In 1990 Trade (17.5%) and Manufacturing (17.4%) constituted the largest employment sectors in the Maine economy. By 2010, Manufacturing had faded to 8.6%, and the top two employment sectors were Trade (17%) and Education and Health Services (20.2%). During the two decades, Manufacturing (No. 3 on the chart) had lost over 45% of its employees, while Education and Health Services (No. 9) had gained over 79%.
Overall, services, including government, added 25% more employees than in 1990; but non-services sectors lost nearly 38%. The number of state and federal government employees declined, while local governments added nearly 20% to their payrolls.
|1||Natural Resources and Mining||3,300||2,700||2,600||-21.2%|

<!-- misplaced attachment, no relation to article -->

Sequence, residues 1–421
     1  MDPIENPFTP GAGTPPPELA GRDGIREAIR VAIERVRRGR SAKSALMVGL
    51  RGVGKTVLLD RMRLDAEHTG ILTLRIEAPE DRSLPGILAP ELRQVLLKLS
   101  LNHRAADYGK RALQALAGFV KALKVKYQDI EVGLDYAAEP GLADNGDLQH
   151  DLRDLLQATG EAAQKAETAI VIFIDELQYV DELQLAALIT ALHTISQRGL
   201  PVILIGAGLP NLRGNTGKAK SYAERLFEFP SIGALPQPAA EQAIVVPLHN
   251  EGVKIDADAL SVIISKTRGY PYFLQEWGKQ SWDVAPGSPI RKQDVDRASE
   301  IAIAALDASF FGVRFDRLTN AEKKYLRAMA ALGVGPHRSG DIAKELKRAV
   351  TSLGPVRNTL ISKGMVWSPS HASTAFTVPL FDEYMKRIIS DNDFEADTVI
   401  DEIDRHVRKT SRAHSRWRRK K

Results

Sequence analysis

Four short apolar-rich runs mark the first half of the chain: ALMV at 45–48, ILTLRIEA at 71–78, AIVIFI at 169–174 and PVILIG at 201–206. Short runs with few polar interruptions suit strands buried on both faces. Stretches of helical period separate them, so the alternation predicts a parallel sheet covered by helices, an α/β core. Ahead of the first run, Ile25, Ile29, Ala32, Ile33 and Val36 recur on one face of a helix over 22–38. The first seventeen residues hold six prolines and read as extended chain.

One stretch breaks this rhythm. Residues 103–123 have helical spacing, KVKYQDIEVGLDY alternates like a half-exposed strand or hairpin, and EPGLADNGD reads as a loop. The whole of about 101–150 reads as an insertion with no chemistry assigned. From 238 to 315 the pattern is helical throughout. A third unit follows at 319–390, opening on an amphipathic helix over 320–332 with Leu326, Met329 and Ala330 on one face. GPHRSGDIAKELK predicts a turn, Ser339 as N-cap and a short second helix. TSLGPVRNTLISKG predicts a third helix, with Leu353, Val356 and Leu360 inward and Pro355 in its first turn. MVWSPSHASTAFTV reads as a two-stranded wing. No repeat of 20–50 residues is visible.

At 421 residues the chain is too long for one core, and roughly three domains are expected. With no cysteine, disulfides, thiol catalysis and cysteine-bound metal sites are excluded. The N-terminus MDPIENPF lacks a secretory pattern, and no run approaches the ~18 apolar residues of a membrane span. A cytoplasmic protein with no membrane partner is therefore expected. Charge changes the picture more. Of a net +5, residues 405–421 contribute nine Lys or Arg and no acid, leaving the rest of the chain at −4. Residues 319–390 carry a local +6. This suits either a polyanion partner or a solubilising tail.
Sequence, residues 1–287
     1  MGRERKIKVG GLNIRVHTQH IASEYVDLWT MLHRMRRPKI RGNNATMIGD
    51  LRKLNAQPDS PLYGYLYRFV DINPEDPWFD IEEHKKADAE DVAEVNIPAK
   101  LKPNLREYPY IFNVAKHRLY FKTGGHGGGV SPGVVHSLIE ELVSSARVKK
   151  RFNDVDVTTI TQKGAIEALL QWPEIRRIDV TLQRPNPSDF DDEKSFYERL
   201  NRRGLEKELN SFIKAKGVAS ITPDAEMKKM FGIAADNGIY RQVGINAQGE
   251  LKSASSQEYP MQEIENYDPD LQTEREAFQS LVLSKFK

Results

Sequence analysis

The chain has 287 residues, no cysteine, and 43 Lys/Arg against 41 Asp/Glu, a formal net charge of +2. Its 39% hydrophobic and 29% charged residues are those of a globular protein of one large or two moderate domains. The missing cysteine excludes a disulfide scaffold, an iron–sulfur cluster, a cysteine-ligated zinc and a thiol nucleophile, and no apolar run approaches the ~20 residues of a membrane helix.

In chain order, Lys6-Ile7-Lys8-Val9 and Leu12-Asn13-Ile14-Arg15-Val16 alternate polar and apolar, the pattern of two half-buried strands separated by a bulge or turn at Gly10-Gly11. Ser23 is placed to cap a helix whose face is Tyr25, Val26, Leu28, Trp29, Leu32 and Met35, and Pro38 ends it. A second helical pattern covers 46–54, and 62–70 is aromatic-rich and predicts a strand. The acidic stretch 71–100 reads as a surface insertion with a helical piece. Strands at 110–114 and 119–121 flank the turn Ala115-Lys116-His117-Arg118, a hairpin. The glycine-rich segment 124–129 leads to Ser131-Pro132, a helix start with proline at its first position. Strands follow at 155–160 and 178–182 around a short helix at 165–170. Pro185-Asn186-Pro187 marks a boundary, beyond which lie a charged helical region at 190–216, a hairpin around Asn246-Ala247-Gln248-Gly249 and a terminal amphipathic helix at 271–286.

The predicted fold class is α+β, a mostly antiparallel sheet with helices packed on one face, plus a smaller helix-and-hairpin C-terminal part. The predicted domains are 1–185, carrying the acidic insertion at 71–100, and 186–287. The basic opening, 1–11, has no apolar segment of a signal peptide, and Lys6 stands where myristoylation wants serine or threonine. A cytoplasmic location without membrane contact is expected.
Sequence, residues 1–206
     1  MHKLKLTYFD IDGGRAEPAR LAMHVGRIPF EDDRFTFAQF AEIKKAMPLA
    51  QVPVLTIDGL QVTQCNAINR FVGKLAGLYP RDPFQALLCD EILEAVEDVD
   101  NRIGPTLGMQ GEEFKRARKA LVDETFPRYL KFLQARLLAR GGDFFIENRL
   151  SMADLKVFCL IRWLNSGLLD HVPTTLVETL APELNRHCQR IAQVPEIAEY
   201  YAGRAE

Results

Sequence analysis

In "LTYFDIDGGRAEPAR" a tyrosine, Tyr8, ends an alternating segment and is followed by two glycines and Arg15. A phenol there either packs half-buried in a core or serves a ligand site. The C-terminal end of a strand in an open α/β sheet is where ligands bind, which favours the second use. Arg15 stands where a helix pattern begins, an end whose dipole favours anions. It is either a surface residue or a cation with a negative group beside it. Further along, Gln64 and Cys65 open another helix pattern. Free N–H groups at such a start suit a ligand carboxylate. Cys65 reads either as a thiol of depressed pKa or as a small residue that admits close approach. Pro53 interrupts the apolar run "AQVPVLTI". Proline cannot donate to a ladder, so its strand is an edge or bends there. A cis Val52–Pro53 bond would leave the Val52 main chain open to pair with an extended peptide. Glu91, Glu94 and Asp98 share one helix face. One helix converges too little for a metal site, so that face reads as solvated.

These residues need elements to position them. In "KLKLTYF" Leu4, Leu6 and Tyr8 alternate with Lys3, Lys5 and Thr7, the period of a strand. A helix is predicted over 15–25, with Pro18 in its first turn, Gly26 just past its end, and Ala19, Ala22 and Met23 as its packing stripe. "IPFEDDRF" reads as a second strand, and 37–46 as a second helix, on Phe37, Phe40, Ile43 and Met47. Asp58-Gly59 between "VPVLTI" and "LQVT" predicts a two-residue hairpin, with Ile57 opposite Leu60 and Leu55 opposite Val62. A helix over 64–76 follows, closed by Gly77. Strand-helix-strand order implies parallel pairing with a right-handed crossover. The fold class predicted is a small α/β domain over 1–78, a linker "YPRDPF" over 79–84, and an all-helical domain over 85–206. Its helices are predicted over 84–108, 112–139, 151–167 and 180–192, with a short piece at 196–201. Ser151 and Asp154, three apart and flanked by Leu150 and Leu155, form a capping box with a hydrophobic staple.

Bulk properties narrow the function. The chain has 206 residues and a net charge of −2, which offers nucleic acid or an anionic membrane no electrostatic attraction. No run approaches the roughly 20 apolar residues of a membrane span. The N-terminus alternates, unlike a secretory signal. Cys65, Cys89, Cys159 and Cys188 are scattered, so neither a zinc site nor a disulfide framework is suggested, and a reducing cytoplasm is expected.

|4||Transportation & Public Utilities||18,800||19,200||16,800||-10.6%|
|5||Trade, Wholesale & Retail||93,500||103,400||100,100||7.1%|
|7||Finance, Insurance, Real Estate||26,500||34,100||31,300||18.1%|
|8||Services, Professional & Business||33,600||51,800||55,600||65.5%|
|9||Services, Education & Health||66,400||97,500||119,000||79.2%|
|10||Services, Leisure & Hospitality||47,800||55,900||59,800||25.1%|
Source: Maine Department of Labor. Center for Workforce Research and Information. Nonfarm Wage and Salary Employment by Industry. http://www.maine.gov/labor/cwri/ces.html (accessed August 22, 2011)
Maine Department of Labor. Center for Workforce Research and Information. The Maine Labor Market 2010: Trends and Issues. Augusta, Me. September, 2010.